Critics of Line 5 debut broadcast ads with actor Jeff Daniels saying 'dangerous pipeline' needs to go
Environmental opponents of Line 5 on Tuesday unveiled ads on TV and radio featuring actor and Michigan native Jeff Daniels lambasting it as "an aging, dangerous pipeline" that needs to be shut down for good.
The six-figure statewide ads, sponsored by the National Wildlife Federation, are a direct response to the numerous ads run for months by Line 5 owner Enbridge warning of the public of dire consequences if the pipeline is shut down at the behest of Gov. Gretchen Whitmer.
In a Zoom call with reporters, National Wildlife Federation officials said Enbridge is flouting the law, given that the governor has revoked the easement, and the misinformation campaign waged by the company has to be answered.
"Jeff Daniels is a strong believer in our Pure Michigan way of life ... we know our Pure Michigan way of life is at risk because of the threat Line 5 poses to the Great Lakes," said Mike Shriberg, Great Lakes regional executive director for the federation. "NWF has been at the forefront of exposing the risks of Line 5 right from the very beginning."
Federation officials said the first run of the ads would be two weeks but more time and other ads are expected.
"This is part of a comprehensive effort to set the record straight on this so it's not just paid media and advertising," Shriberg said. "We know we won't match Enbridge dollar for dollar, but we also know that we've got the truth on our side."
Shriberg said the 68-year-old dual pipeline along the bottom of the Straits of Mackinac is a "ticking time bomb."
"It is possible, perhaps even probable, that we'd have catastrophic consequences for our drinking water, our wildlife and our economy if it were to happen," he said. "The pipeline is decades past its original lifespan."
In the TV ad, Daniels, who was not on the Zoom call, said, "A Line 5 oil spill would devastate our Great Lakes, our drinking water and economy. It's time to stand up for our Great Lakes. It's time to stand with Gov. Whitmer and shut down Line 5."
Enbridge officials said they believe a long-term solution is the construction of a tunnel to house the pipeline under the Straits, a move rejected by the Whitmer administration, environmental groups and Native American tribes. But preparation for construction of the tunnel continues under an agreement reached with the Snyder administration in late 2018.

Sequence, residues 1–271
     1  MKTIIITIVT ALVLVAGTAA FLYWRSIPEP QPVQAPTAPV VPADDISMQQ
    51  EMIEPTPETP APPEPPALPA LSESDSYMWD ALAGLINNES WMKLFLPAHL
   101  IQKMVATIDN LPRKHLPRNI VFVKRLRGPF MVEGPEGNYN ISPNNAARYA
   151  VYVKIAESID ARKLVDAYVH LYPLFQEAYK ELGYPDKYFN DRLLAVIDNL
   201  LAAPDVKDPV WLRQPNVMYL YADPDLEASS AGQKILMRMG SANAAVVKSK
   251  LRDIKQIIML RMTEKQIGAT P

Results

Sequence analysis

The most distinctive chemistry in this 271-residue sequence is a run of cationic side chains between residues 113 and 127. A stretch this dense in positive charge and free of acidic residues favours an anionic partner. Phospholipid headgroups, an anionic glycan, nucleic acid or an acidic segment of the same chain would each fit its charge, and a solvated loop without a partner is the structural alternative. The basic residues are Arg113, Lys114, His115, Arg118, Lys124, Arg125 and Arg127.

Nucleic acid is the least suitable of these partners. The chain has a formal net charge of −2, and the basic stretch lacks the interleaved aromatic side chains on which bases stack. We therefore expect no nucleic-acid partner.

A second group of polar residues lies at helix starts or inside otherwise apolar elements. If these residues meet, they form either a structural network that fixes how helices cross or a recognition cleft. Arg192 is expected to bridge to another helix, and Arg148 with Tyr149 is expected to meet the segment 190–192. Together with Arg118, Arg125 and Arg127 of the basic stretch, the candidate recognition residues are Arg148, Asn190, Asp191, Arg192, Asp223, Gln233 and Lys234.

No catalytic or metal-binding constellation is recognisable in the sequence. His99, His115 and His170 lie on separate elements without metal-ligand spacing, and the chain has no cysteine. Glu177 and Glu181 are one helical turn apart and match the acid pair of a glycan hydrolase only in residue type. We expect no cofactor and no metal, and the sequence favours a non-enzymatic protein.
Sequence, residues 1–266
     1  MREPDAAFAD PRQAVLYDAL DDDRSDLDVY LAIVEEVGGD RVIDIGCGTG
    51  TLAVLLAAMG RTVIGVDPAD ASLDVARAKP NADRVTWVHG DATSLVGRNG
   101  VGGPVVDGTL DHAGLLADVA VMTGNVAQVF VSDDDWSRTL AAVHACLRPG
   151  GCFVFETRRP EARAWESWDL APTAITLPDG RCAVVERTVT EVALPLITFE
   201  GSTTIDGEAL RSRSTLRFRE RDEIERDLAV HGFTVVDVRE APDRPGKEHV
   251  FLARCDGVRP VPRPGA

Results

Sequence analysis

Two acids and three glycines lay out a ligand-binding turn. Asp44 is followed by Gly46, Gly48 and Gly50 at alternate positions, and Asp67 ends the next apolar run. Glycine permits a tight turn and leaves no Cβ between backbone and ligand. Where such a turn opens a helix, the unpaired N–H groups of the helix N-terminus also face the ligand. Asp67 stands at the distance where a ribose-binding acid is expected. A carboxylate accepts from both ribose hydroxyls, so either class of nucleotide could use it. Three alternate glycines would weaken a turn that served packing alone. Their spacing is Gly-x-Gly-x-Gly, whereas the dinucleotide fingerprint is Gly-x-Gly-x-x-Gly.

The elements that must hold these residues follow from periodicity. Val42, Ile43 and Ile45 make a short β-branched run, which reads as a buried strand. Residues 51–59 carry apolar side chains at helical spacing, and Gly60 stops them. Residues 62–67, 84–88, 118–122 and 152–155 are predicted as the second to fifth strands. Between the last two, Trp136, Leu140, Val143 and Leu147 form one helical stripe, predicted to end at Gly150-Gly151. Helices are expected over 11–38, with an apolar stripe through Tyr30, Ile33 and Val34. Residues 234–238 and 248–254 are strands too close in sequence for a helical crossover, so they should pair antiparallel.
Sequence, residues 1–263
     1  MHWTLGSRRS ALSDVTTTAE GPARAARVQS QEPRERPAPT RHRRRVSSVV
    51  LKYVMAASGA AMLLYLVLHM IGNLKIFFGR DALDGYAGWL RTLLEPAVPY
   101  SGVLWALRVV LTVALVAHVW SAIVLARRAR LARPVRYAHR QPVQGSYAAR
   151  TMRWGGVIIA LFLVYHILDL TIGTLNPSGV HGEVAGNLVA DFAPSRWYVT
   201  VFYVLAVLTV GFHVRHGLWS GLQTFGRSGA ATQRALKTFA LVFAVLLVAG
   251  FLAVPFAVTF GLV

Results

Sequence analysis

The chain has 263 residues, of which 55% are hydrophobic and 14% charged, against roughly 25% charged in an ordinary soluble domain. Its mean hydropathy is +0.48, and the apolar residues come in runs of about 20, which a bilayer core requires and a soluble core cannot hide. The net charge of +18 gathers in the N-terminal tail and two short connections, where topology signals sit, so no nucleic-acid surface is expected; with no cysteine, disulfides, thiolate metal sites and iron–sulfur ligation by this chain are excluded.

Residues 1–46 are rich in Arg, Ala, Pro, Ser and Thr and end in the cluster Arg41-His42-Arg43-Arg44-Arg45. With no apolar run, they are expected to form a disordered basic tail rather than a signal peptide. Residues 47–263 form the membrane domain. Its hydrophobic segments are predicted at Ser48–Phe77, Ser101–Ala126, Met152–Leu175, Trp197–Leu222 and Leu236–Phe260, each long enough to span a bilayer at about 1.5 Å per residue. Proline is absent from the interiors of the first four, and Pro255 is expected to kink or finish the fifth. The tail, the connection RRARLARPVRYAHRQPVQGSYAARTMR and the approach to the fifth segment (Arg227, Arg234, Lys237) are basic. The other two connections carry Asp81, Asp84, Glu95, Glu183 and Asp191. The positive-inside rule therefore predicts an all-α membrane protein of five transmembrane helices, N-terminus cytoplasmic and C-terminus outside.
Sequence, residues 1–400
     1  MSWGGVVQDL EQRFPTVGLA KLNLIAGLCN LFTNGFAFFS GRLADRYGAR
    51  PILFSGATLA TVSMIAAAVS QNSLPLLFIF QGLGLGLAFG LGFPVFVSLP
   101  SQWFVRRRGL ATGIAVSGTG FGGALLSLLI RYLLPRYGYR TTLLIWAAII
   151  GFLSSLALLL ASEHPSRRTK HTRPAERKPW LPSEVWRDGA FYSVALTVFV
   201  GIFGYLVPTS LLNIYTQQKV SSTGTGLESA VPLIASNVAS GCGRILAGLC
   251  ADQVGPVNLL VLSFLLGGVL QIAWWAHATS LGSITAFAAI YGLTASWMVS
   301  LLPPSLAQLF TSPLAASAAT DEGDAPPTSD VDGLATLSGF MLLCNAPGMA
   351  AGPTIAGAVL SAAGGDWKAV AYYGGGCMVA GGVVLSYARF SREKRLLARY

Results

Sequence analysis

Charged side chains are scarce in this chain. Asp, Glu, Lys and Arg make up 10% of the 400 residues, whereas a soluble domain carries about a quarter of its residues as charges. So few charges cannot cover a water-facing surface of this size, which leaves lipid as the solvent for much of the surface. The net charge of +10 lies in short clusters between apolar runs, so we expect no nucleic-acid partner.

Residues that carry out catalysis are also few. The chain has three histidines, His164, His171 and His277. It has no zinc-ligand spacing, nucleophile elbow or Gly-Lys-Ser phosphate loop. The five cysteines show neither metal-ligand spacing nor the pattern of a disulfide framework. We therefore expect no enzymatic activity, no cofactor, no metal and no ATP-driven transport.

In a statement, spokesman Ryan Duffy said Enbridge "continues to operate Line 5 in the Straits of Mackinac safely and reliably while following the law." The pipeline provides "an affordable and reliable source of energy for Michigan, the region and Canada.
"Forcing the shutdown of Line 5 unnecessarily will create an energy shortage that will lead to a spike in energy and fuel prices, and at a vulnerable time for the people of Michigan and the regional economy by disrupting the supply of crude oil to 10 regional refineries.
The ads come weeks after the state-ordered deadline for the Canadian oil behemoth to close Line 5, which can carry up to 540,000 barrels of light crude oil and natural gas liquids a day from the Upper Peninsula to the Lower Peninsula that traverse the Straits.
Last November, Whitmer took away the pipeline's easement through the Straits of Mackinac and gave Enbridge six months, or until May 12, to close the line. The state filed suit in Ingham County Circuit Court to uphold the revocation. Enbridge also filed its own case in federal court and is currently in mediation.
Beth Wallace, the Great Lakes campaign manager for the federation, said despite the governor's actions, "Enbridge has forged ahead as if it's business as usual and faces millions in fines as a result."
Whitmer has threatened to levy the fines, but could only do so if a judge finds in favor of the state. Enbridge has argued that Line 5 is regulated by federal pipeline officials and can't be closed by the state.
Shriberg said Enbridge, days before the oil spill in the Kalamazoo River in 2010, claimed the pipeline was safe. "We know from experience we can't rely on Enbridge to tell the truth, and the whole region around the Kalamazoo River suffered from it.
"We don't want the same for the Great Lakes," he said. "Michigan can't trust Enbridge. That's the bottom line."